Who Says Finance Can’t be Visually Interesting?

The Mill explains the story and design behind their 3D animated spot for Bloomberg.
By Meleah Maynard

Flashy motion graphics pieces are the perfect way to go for some projects. But sometimes there has to be more to the visual story. That was the case recently when Bloomberg asked The Mill to create a 30-second spot for Interactive Brokers, a brokerage firm that serves customers all over the world.

Building on Bloomberg’s brief, Mike Schaeffer, head of design at The Mill, and senior designer Wendy Eduarte Briceno, who served as art director, came up with a storyline that emphasized Interactive Brokers’ long history as a firm while veering away from a traditional timeline. Using Cinema 4D, After Effects and Redshift, they opted to tell the brokerage firm’s story in a clean, modern, abstract way.

“They were originally thinking of using a timeline to show how Interactive Brokers has stayed on top of things over the years, but Wendy and I have seen a million timeline projects, so we wanted to do something that felt like a timeline but wasn’t,” recalls Schaeffer, who directed the video.

Central to the spot was a handheld device that Interactive Brokers’ Thomas Peterffy introduced to the financial world in 1983. Using Peterffy’s own computer programs, the device is known for paving the way to modern-day digital trading. For Schaeffer and Briceno, the big question was how to make that retro-looking device fit with visuals depicting today’s high-tech trading world.

“We didn’t even know what the device looked like for the longest time and then we got one picture of it from the front, so we didn’t have much for reference,” Schaefer says. It helped that The Mill had a very collaborative relationship with the client, working closely with Bloomberg’s agency, Bloomberg Creative Studio, so they were able to get sign off on showing the device only briefly and then taking some creative license with the rest of the spot.

Developing the Story and Look
To ensure smooth communication from the start, The Mill storyboarded the entire spot and rendered it in Cinema 4D before diving into the project. It’s a step Schaeffer likes to take with most projects so that everyone can see what’s working and not working before a lot of time has been invested.

To give the spot the sense of history it needed, The Mill opened on an iconic symbol of financial communication, ticker tape. The idea evolved over time as Briceno played around with things like perforated paper and how a roller could be used to visualize the evolution of trading. “We even talked about making the ticker tape blank but, after talking more with the client, we realized that maintaining the numbers on the tape was important before we moved into technology that was more abstract,” Briceno says.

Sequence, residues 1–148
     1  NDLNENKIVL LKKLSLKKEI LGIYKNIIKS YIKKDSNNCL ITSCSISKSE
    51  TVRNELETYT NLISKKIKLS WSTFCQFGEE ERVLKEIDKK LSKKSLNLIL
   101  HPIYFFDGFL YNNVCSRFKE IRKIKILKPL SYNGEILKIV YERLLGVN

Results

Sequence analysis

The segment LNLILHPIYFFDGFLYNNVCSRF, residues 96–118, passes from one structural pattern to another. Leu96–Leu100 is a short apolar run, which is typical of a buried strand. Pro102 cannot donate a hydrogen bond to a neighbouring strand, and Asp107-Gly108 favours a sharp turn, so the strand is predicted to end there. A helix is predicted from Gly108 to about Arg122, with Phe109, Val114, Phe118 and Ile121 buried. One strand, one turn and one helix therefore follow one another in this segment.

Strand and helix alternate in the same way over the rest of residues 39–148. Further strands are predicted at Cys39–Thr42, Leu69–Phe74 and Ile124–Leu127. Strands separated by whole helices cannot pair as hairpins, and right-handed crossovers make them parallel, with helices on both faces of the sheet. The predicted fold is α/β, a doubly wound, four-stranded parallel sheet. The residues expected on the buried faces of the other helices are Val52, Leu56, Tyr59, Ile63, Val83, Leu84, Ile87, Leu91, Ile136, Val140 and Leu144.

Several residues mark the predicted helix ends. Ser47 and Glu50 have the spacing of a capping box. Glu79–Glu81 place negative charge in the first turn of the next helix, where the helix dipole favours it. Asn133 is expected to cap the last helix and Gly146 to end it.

“Redshift was the perfect tool at the beginning of the process so we could look dev the feel of the ticker tape material,” she continues, explaining that the team was able to quickly audition paper texture maps and colors, as well as translucency and how the ink was faintly embossed into the material. That same base setup for the initial look was carried on throughout and improved continuously during the production process, staying in the same workflow through animation and final rendering.

Getting the look of the spot right was tricky in a few different ways, particularly the “white world” setting of the piece. While white worlds are often synonymous with minimalism and modernity, they can also look sterile or muddy if you don’t get the needed bit of gray just right. “In terms of art direction, I think there’s something very beautiful about what lighting and textures can bring to a white world,” Briceno says. “Even adding one extra level of something can give the hint of warmth white worlds need.”

In this case, Briceno used a few extra lights on the ticker tape rollers to get the tone of white she wanted. Because they wanted to stick to using just three or four colors, she and Schaeffer thought a lot about how to use color strategically while considering the play of light and shadow.

Using Abstraction Strategically
Though Bloomberg had originally suggested including a shot of the New York skyline, Briceno thought that the spot would flow more smoothly if the visuals were more abstract. “Figuring this part out was the most fun for me,” she recalls, “because I got to try different ideas for sticking to the storyline but also tying the spot together in a playful way.”

Ultimately, the team went with Briceno’s idea to use C4D to create an abstract city that gives way to a graph made of what looks like red and green candlesticks representing the client’s tools being used on a laptop. Using a combination of MoGraph and hand-animated curves, the team animated the city and bar graph elements working forwards and backward to match Bloomberg’s software to make the transition perfectly seamless.

The spot ends with the laptop morphing into a tablet and ultimately a phone showing Interactive Brokers’ user interface. All three of the gadgets are intentionally unidentifiable in order to give the spot a sense of timelessness. And showing the UI across multiple platforms also helped make clear the versatility of the client’s tools.

In its final form, the spot extended the visual story quite a bit beyond the client’s original brief, and they were very happy with how it turned out. “You wouldn’t really expect a financial services project to be interesting from a design perspective, but it worked because they were such a great partner and really collaborated with us all along the way,” Schaeffer says.

Meleah Maynard – Writer, Minnesota